Shaft extending through inlet box. Shaft extending through inlet box.

8 SWSI 8 SWSI c/w BOX 9 SWSI 10 SWSI


For belt drive or direct connection. Ar- For belt drive or direct connection. Ar- For belt drive. Impeller overhung, two For belt drive. Impeller overhung, two
rangement 1 plus extended base for prime rangement 1 plus extended base for prime bearings, with prime mover outside base. bearings, with prime mover inside base.
mover. mover.

Adapted with permission from AMCA Standards Handbook 99-86


CML NORTHERN BLOWER fanfacts 5
Centrifugal Fan Parts

Axial Fan Parts

6 CML NORTHERN BLOWER fanfacts


Axial Fan Arrangements Axial Fan Motor Positions

360°

315° 45°

270° 90°

225° 135°
ARRANGEMENT 9

180°

Arrangement 9

1. The motor can be mounted in


one of the positions shown
above.

2. The position of the motor is de-


termined from the discharge end
of the fan.
ARRANGEMENT 4

Axial Fan Airflow

Airflow through axial fans is designated in two ways. Note: Not all axial fans are available in both airflow arrangements.

AIRFLOW AIRFLOW

1) TBOM: through blades, over motor 2) OMTB: over motor, through blades

CML NORTHERN BLOWER fanfacts 7


Centrifugal Fan Types
DESCRIPTION ILLUSTRATION APPLICATIONS

Forward Curved Used for low-pressure heating, ventilat-


ing, and air-conditioning systems, rang-
Less efficient than airfoil and backward inclined. ing from room air-conditioners to residen-
Requires the lowest speed of any centrifugal to tial furnaces.
move a given amount of air. Blades are curved
forward in the direction of rotation.

Airfoil Used on large heating, ventilating, air-


conditioning and clean air industrial sys-
A centrifugal fan type developed to provide high tems where energy savings are of prime
efficiency. Its name is derived from the "airfoil" importance.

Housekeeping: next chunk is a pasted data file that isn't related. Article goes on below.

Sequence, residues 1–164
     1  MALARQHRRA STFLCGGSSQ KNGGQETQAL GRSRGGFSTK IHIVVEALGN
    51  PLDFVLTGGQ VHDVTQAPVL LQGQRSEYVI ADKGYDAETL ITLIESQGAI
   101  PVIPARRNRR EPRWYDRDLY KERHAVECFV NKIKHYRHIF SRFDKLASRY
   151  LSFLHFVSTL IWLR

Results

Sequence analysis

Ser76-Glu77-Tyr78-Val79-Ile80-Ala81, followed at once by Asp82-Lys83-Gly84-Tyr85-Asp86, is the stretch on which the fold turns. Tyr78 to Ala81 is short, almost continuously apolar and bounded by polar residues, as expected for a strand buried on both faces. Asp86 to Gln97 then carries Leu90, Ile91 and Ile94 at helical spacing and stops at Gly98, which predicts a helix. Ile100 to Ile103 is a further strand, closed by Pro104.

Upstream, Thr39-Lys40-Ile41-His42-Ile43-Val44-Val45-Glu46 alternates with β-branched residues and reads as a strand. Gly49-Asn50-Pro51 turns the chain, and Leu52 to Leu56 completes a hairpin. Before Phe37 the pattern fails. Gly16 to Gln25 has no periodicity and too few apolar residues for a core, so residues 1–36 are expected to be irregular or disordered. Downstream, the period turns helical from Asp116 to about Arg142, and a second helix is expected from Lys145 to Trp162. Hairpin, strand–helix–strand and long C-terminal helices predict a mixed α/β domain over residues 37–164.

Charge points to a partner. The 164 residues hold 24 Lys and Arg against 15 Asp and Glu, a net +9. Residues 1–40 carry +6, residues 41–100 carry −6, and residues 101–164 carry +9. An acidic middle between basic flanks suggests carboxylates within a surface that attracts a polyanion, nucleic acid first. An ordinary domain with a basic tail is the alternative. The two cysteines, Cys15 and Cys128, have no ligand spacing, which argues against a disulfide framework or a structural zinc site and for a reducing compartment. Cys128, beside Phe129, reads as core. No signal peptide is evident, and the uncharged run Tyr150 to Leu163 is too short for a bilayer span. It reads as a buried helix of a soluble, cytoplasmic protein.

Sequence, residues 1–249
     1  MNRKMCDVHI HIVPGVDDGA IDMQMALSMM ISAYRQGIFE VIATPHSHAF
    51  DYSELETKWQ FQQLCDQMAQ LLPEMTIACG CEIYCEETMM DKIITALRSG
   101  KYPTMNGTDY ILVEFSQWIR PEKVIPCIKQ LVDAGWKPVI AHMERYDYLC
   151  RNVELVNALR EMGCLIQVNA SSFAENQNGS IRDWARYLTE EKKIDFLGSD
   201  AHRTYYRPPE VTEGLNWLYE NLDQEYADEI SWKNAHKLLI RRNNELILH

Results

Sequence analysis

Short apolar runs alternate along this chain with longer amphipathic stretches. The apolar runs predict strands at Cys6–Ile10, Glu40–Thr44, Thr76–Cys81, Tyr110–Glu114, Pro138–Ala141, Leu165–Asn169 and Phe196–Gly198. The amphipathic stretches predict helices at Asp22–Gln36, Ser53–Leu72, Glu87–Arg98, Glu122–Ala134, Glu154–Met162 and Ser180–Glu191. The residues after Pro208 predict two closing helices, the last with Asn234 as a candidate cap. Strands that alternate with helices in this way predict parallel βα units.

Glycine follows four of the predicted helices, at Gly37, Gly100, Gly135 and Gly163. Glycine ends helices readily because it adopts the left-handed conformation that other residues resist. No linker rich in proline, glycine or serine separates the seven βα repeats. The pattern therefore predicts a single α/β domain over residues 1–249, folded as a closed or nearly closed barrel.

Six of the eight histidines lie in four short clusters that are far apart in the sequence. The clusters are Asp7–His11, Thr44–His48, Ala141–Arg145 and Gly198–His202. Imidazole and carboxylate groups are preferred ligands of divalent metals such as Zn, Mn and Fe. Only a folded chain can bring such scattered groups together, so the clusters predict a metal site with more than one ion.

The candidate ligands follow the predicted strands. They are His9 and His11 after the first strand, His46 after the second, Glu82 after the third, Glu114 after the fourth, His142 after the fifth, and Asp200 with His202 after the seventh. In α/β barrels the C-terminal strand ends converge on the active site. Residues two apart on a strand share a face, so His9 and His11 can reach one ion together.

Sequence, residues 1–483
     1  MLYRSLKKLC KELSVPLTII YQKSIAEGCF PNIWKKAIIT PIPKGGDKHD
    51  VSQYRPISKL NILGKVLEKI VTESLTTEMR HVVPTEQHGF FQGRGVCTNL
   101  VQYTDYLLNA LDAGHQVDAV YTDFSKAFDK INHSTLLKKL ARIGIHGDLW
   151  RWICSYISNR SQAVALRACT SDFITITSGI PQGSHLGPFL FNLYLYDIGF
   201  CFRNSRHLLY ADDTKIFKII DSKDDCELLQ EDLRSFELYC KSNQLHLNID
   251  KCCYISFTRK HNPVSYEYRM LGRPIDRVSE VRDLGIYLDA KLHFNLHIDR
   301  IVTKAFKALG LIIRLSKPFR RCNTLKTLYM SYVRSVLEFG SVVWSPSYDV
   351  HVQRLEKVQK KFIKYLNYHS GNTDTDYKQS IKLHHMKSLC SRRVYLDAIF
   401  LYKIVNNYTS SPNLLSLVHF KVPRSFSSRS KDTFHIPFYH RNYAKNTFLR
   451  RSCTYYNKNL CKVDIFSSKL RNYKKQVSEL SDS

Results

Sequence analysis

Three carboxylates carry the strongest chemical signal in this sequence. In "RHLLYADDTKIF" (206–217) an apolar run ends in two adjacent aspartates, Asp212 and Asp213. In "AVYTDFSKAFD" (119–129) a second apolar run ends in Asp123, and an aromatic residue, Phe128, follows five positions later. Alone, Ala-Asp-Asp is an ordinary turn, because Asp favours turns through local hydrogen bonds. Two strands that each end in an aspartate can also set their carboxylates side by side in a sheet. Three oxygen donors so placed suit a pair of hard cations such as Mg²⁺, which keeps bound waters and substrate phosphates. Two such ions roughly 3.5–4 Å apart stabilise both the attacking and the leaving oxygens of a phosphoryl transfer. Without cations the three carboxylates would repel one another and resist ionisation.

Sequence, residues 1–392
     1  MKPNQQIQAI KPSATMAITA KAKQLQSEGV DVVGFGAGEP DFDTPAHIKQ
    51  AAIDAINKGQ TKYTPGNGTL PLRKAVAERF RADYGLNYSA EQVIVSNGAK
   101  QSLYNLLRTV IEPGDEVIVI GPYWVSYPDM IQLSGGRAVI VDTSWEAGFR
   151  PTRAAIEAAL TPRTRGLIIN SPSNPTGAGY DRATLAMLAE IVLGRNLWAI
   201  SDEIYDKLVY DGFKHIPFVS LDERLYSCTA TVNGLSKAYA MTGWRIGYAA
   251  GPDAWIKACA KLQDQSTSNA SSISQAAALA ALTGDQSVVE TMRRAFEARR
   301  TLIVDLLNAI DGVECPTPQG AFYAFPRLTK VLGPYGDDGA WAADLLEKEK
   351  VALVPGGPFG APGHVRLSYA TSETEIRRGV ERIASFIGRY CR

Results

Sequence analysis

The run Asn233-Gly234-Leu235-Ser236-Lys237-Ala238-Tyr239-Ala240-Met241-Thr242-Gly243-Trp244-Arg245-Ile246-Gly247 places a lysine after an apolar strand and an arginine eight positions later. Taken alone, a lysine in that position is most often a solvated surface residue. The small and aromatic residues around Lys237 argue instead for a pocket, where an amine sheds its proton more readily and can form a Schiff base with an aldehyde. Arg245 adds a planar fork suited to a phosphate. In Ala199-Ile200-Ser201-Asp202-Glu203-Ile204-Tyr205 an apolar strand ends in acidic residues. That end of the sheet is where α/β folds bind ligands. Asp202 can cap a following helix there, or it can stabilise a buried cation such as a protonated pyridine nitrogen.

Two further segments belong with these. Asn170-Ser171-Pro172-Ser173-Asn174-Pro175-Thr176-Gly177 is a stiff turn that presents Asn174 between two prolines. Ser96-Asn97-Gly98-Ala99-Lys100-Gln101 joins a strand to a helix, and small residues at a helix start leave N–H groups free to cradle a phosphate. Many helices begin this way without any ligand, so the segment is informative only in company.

shape of its blade.

Backward Inclined Used on large heating, ventilating, air-


conditioning and industrial systems where
Slightly less efficient than the airfoil. The blades the blade may be subjected to corrosive or
are flat and of single thickness. erosive environments.

Radial Blade For material handling and moderate to


high pressure industrial applications.
Generally the least efficient of the centrifugal
fans. The blades are "radial" to the fan shaft.

Radial Tip Designed for wear resistance in mildly


erosive airstreams.
More efficient than the radial blade. The blades
are radial to the fan shaft at the outer extremity
of the impeller, but gradually slope towards the
direction of wheel rotation.

Inline & Axial Fan Types


DESCRIPTION ILLUSTRATION APPLICATIONS
Panel For low-pressure, high-volume applica-
tions. Often used for ventilation through a
One of the most basic fan designs. wall.

Tubeaxial For low pressure ducted heating, ventilat-


ing and air-conditioning systems. Also
More efficient than the panel fan. Cylindrical used in some low pressure industrial ap-
housing fits closely to the outside diameter of the plications.
wheel.

Vaneaxial For heating, ventilating, and air-condition-


ing systems. Good where straight flow
Highest efficiency axial fan. Cylindrical housing and efficiency are required from an axial
fits closely to the outside diameter of the blade fan.
tips. The straightening vanes allow for greater
efficiency and pressure capacity.

Inline Centrifugal Mostly used for low and medium pressure


systems in heating, ventilating, air-condi-
Cylindrical housing is similar to the vaneaxial. tioning or industrial applications, when a
Wheel is generally an airfoil or backward inclined cylindrical housing is geometrically more
type. In this case, the housing does not fit close convenient than a centrifugal configura-
to the outside diameter of the wheel. tion.

8 CML NORTHERN BLOWER fanfacts


Centrifugal Fan Class

AMCA Standard 99-2408-69-R83 categorizes centrifu- Figure 1 is a reproduction of one chart from AMCA
gal fans into three performance classes (Class I, II, and Standard 99-2408-69-R83. It specifies the operating
III) based on certain minimum operating criteria. A Class limits of single width centrifugal fan classes (curves for
I fan offered by any particular manufacturer has a lower other types of centrifugal fans are available as well). Note
allowable minimum operating range than its Class II that the limits in this chart apply to fans handling air at 70°F
counterpart. As a result, it is often possible to construct and 29.92 inches Hg barometric pressure. When a high
a Class I fan with less mechanical design strength and temperature application is required, the fan manufacturer
with less expense than a Class II fan. The same concept should be consulted as to appropriate fan construction.
applies to a Class II fan versus a Class III fan. Thus, the
end result of the AMCA classification system is to allow for
a less expensive fan to be constructed for low speed, low